How Iowa women's basketball has used the Creighton upset to fuel this season's expectations
IOWA CITY — The bubbly, exuberant personality that Monika Czinano regularly shows was buried deep below a mountain of shock and sadness. McKenna Warnock unsuccessfully tried to distract herself with tests and homework. Many of their Iowa women’s basketball teammates tried to cope using similar methods, without much luck.
“It sounds a little dramatic,” Czinano said, “but the whole week was like a grieving process.”
These were the opening scenes of Iowa’s 2022 offseason, one that started much earlier than expected following the Hawkeyes’ stunning second-round NCAA Tournament loss to Creighton on March 20. Storybook elements of a sold-out Carver-Hawkeye Arena and national TV audience became footnotes after such an abrupt ending to a season that carried legitimate Final Four aspirations.
Then, amid the disappointing aftermath, Czinano mustered one reassuring thought.
“I woke up and said, ‘Thank God I have one more year,’” Iowa’s all-conference center recalled. “Because I couldn’t imagine that being the last taste of this.”
The sting of that Sunday afternoon still exists some seven months later, but it’s been productively transformed into motivation for the campaign ahead. For all the encouraging vibes surrounding Iowa women’s basketball right now — and there are deservedly plenty — these Hawkeyes believe last season’s ending weaves in the perfect reminder of how quickly that positive energy can be zapped away.
“From your greatest failures can come your greatest successes,” Iowa standout Caitlin Clark said. “… Last year, we thought we were going to get to the Final Four. But we never really had that sour taste in our mouths. We didn’t have that fire to fuel every single day. And I think that’s the difference this year.
“We’re reminded of that Creighton game, that early exit, every single day.”
Since then, there haven't been any drastic measures taken. No, the Creighton loss isn’t playing on loop in the coaches’ offices. Thursday’s media-day conversations didn’t reveal any lock screens or phone backgrounds sporting images from that infamous occurrence. The only real tangible change the upset forced is DePaul has replaced Creighton as Iowa’s “secret scrimmage” partner this year — a move Lisa Bluder said Bluejays coach and longtime friend Jim Flanery completely understood.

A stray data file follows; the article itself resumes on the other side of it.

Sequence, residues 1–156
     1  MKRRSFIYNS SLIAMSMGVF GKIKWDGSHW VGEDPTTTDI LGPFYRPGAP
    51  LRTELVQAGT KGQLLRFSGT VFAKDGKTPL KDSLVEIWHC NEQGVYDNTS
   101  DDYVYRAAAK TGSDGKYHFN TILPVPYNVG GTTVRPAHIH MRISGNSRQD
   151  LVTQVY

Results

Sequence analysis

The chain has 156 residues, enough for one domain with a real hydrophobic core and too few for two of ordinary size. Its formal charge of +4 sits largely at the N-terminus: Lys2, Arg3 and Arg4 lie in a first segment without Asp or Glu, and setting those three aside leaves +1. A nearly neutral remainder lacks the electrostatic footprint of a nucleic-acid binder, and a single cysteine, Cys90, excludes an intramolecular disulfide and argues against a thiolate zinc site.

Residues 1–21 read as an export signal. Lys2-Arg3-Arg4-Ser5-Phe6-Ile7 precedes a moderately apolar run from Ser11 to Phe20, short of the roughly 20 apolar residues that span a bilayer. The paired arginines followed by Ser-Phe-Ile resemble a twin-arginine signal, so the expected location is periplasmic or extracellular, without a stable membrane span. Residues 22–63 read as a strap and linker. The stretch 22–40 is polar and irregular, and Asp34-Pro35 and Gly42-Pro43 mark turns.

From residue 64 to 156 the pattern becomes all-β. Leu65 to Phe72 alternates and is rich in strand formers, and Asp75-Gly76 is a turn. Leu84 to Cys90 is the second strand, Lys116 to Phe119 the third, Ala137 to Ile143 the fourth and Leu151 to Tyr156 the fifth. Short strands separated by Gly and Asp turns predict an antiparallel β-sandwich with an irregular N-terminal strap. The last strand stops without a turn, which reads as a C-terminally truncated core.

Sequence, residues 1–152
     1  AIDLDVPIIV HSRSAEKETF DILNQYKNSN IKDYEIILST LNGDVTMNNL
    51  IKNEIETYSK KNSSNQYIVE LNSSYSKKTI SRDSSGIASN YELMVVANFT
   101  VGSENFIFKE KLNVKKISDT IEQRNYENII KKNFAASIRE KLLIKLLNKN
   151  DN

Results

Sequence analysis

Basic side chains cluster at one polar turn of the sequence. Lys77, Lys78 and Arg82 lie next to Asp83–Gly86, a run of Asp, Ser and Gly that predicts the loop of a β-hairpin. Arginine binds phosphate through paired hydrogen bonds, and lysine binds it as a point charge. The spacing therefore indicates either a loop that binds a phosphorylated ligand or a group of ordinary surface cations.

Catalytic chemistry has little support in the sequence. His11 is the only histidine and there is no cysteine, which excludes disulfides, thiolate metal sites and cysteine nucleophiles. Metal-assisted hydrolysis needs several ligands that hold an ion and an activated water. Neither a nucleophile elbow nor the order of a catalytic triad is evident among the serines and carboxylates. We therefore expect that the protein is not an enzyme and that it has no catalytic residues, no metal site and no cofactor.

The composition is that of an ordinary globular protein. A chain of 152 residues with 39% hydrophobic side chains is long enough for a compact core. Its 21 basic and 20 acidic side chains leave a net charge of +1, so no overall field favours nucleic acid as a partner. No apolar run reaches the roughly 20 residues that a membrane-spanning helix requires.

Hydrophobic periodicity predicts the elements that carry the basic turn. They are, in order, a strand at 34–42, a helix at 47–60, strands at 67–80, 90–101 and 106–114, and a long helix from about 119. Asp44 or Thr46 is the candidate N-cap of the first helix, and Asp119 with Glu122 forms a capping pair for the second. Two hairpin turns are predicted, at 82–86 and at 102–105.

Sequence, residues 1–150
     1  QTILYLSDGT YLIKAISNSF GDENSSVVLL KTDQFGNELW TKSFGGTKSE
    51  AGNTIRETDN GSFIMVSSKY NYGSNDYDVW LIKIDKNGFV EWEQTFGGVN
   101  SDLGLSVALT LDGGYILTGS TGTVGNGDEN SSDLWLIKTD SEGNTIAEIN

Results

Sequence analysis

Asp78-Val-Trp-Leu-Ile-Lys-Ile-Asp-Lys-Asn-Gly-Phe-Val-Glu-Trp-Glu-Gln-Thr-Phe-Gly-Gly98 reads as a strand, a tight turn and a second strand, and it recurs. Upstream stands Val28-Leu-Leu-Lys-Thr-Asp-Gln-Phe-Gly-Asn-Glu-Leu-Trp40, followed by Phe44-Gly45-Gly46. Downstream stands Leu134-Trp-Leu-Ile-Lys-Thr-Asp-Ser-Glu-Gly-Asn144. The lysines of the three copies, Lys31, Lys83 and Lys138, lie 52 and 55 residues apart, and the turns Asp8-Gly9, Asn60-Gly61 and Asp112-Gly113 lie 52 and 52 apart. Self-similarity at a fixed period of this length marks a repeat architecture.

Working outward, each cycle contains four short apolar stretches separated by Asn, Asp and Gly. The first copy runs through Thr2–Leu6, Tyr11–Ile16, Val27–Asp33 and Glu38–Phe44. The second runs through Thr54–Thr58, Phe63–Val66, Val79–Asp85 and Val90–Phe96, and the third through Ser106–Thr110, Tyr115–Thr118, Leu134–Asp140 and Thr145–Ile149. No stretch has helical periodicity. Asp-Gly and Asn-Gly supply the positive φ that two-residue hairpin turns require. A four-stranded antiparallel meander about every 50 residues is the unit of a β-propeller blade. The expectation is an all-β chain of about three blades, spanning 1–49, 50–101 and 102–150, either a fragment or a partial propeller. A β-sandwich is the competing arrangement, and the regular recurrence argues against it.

However, in the instances where offseason practices lacked the energy, focus or intensity expected inside Bluder’s program, memories of that painful Sunday were quickly resurfaced.
No one in Iowa colors wants that feeling again.
“If we didn’t have our butts in gear (during the summer), we’d be talking, ‘Hey remember how you felt last year?'” redshirt senior Kate Martin said. “We definitely have used it as a motivating factor, and I think that’s important for us. It’s just made our practices more competitive because whenever you think about that, you have that extra fiery edge.
“We’ve moved on from the past. But do we use it as intrinsic motivation? Yes, we definitely do.”
The Hawkeyes expect to be in the same spot next postseason — a highly seeded team hosting NCAA Tournament games in front of a sold-out crowd, eyes again on reaching the program’s first Final Four since 1993.
All the pieces are there for a magical March. Clark has ascended into the superstar everyone projected. Czinano has followed legend Megan Gustafson more emphatically that anyone imagined. Other starters Gabbie Marshall, Warnock and Martin know how to work around and with their two all-Big Ten teammates. Bringing in Central Michigan transfer Molly Davis offers seasoned point-guard depth the Hawkeyes didn’t really have last season.
Additionally, Iowa’s freshmen enter an intense but not overwhelming situation — where they can get accustomed to college basketball at their own speed while still being entrenched in high-profile basketball situations. No newcomer is being asked to run the show.
Teams aren’t put atop their preseason conference polls by accident, nor do they appear in the top five nationally by happenstance. Amid this Iowa women’s basketball resurgence that now includes two transcendent superstars, this season could certainly become the crown jewel of it all.
That fact is what eventually brought Czinano out of her post-Creighton funk. That’s why Iowa has already set a program record with 5,200 season tickets sold. That’s why last season’s ugly March ending isn't being completely forgotten.
"It's just a great reminder to everybody that every possession counts. One basket counts. One rebound counts. One turnover counts. That's all it really came down to," Bluder said. “… But it has definitely been a very good driving motivator for our team. We talk about it a lot. We talk about it almost daily. We're bringing up examples from that game or that we fell short, because I think if you don't do that, you're not using an opportunity to really motivate your athletes and kind of fuel the fire a little bit for them."
Dargan Southard is a sports trending reporter and covers Iowa athletics for the Des Moines Register and HawkCentral.com. Email him at email@example.com or follow him on Twitter at @Dargan_Southard.